I assume this is why you are saying comments must be turned off on the claim post – but wouldn't the same apply to any other post? Perhaps I've missed something.

> the URL format is different for posts and comments, so a comments' permalink wouldn't work No, I meant add a false claim in a comment on a post, then try to claim using the permalink of the post (not of the comment). So far as I'm aware comments are displayed on the same page, below the post, so short of parsing the HTML and looking for a certain element `id` or `class` (which is fragile), how do you differentiate between the post content and the comment content? I assume this is why you are saying comments must be turned off on the claim post – but wouldn't the same apply to any other post? Perhaps I've missed something.

No, I meant add a false claim in a comment on a post, then try to claim using the permalink of the post (not of the comment).

Oh, right. That is possible, sure. The real account owner would easily see this attempt and could remove it any time, though.

I'd like to see if there's a way we can leverage profile attributes (maybe links?) for proofs instead. 🤔

> No, I meant add a false claim in a comment on a post, then try to claim using the permalink of the post (not of the comment). Oh, right. That _is_ possible, sure. The real account owner would easily see this attempt and could remove it any time, though. I'd like to see if there's a way we can leverage profile attributes (maybe links?) for proofs instead. 🤔
martin.sweeny changed title from LinkedIn Proof to WIP: LinkedIn Proof 9 months ago

Setting this back to WIP while I improve the test cases

Setting this back to WIP while I improve the test cases
Owner

I assume this is why you are saying comments must be turned off on the claim post – but wouldn't the same apply to any other post? Perhaps I've missed something.

Oh shoot. You're absolutely right! Any post could be turned into a "fake proof" by commenting on any post allowing comments.

I had not considered this edge case and is a serious problem.

Sounds like maybe we should go the twitter route and (sadly) go centralized: clients should ask a Keyoxide proxy server to do the verification instead, where the Keyoxide proxy has a Linkedin auth token and access to the official API.

> I assume this is why you are saying comments must be turned off on the claim post – but wouldn't the same apply to any other post? Perhaps I've missed something. Oh shoot. You're absolutely right! Any post could be turned into a "fake proof" by commenting on any post allowing comments. I had not considered this edge case and is a serious problem. Sounds like maybe we should go the twitter route and (sadly) go centralized: clients should ask a Keyoxide proxy server to do the verification instead, where the Keyoxide proxy has a Linkedin auth token and access to the official API.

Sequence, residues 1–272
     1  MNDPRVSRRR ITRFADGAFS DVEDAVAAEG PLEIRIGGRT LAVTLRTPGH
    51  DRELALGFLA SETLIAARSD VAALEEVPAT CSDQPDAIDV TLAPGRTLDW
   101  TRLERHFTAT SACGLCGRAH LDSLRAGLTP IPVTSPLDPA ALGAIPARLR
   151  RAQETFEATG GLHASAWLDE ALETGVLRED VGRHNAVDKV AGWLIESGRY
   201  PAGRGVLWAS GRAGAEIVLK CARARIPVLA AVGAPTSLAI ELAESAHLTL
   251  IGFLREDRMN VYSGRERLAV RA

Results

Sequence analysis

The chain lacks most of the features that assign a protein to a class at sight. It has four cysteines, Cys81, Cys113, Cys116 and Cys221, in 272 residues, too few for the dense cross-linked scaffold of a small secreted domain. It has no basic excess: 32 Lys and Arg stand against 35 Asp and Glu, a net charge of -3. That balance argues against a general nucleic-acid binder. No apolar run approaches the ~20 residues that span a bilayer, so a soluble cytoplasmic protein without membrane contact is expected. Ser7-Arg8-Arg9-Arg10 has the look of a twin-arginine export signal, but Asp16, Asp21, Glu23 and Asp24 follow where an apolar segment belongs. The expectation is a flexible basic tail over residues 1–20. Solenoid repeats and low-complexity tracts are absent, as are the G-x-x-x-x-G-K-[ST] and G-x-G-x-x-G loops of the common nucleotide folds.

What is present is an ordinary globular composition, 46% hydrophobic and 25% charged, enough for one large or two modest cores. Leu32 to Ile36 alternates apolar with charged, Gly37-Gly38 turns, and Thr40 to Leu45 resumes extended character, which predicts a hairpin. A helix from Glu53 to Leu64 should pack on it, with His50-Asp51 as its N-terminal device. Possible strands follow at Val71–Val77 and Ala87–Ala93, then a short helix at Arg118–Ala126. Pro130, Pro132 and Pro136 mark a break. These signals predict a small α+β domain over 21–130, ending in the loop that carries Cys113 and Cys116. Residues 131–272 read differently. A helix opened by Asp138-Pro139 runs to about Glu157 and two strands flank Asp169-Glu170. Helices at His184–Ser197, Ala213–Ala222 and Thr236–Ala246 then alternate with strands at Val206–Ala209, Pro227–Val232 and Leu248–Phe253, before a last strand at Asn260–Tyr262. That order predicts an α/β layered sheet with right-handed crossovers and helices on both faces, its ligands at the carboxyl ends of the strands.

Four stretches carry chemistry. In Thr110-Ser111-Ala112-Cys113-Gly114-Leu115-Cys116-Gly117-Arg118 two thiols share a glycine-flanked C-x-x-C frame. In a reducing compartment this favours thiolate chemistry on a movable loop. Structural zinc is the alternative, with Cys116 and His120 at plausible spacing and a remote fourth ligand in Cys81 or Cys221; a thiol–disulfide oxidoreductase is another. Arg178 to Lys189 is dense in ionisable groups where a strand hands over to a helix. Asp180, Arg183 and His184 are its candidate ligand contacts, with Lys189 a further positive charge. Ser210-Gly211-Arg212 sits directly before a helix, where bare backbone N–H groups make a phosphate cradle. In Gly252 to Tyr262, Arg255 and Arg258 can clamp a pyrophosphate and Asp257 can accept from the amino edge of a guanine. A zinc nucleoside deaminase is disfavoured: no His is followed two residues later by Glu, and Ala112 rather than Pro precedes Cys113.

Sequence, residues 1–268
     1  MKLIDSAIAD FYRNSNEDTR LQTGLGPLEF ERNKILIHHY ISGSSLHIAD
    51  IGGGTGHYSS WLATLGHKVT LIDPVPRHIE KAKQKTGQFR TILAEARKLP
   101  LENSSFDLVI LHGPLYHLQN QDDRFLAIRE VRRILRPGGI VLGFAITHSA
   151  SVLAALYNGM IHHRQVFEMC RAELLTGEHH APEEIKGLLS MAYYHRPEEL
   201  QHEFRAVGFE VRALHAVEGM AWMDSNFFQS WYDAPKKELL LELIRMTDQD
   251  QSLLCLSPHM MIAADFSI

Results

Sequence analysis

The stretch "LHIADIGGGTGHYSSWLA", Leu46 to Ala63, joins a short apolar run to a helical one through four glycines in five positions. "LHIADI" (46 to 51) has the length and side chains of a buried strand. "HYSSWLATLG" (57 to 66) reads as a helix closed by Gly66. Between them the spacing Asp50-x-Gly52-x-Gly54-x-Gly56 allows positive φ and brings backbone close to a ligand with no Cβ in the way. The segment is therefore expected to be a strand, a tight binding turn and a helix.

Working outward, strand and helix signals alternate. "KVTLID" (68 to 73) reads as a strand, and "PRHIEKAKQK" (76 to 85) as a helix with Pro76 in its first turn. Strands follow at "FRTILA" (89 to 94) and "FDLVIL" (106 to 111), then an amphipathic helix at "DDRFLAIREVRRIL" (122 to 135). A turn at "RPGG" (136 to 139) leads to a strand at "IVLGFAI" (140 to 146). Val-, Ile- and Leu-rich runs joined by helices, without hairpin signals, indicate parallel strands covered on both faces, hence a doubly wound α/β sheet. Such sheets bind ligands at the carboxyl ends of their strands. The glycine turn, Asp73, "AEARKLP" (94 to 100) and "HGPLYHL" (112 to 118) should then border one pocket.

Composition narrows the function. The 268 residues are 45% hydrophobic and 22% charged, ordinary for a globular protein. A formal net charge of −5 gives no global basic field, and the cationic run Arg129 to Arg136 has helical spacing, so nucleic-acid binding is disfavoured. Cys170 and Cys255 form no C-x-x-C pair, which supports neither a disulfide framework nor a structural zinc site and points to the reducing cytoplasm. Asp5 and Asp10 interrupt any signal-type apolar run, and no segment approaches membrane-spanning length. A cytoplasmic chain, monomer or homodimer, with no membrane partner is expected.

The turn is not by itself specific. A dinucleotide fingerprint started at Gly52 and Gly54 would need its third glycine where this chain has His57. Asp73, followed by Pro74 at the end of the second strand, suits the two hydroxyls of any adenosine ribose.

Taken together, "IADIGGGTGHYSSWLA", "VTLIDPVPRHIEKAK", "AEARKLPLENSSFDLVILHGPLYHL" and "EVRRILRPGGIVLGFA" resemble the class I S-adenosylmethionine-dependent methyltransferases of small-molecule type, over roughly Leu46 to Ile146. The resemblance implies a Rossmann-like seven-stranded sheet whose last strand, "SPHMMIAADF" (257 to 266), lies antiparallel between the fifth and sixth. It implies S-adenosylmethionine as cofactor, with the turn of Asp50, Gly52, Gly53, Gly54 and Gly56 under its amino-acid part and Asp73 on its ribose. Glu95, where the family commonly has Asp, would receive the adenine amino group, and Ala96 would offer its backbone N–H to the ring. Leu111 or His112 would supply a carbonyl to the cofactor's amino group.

Actually, upon double-checking, the proof is fine as is.

LinkedIn does not show comments to unauthenticated users!

Check my LinkedIn claim post when logged out (preferably incognito/private window):
https://www.linkedin.com/posts/martinsweeny_verifying-my-openpgp-key-openpgp4fpr08a83f21244c4876d9ec2c6a5f88f7e8f01d4198-activity-6884620821181063168-WsxX

image

Actually, upon double-checking, the proof is fine as is. LinkedIn does not show comments to unauthenticated users! Check my LinkedIn claim post when logged out (preferably incognito/private window): https://www.linkedin.com/posts/martinsweeny_verifying-my-openpgp-key-openpgp4fpr08a83f21244c4876d9ec2c6a5f88f7e8f01d4198-activity-6884620821181063168-WsxX ![image](/attachments/cd0fca1d-e9a9-4ebe-9b14-88c646873581)
martin.sweeny changed title from WIP: LinkedIn Proof to LinkedIn Proof 8 months ago

Alternatively, there are two other places we can put the proofs:

Contact Info:

image

Featured Items:

image

Semantically, I think this is a better solution

Alternatively, there are two other places we can put the proofs: Contact Info: ![image](/attachments/052e27d5-371a-4691-8072-1d4bc3e631e1) Featured Items: ![image](/attachments/323a05a3-d0a3-4f1e-bd87-c3cfad24dc0d) Semantically, I think this is a better solution

Semantically, I think this is a better solution

I agree. Is there a way for Keyoxide to reliably scrape that data without having an API key?

> Semantically, I think this is a better solution I agree. Is there a way for Keyoxide to reliably scrape that data without having an API key?

Semantically, I think this is a better solution

I agree. Is there a way for Keyoxide to reliably scrape that data without having an API key?

Yup!

image

> > Semantically, I think this is a better solution > > I agree. Is there a way for Keyoxide to reliably scrape that data without having an API key? > > Yup! ![image](/attachments/6afd9e87-ae89-418b-a2dd-31946c01b9d2)
Owner

Semantically, I think this is a better solution

I agree. Is there a way for Keyoxide to reliably scrape that data without having an API key?

Yup!

I like the solution, but how exactly is this reliably scrapable? It still requires deep parsing of the HTML, as much of the content is dynamically generated and could thus fool a simple regex query.

> > > Semantically, I think this is a better solution > > > > I agree. Is there a way for Keyoxide to reliably scrape that data without having an API key? > > > > > > Yup! I like the solution, but how exactly is this reliably scrapable? It still requires deep parsing of the HTML, as much of the content is dynamically generated and could thus fool a simple regex query.
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Reference: keyoxide/doipjs#18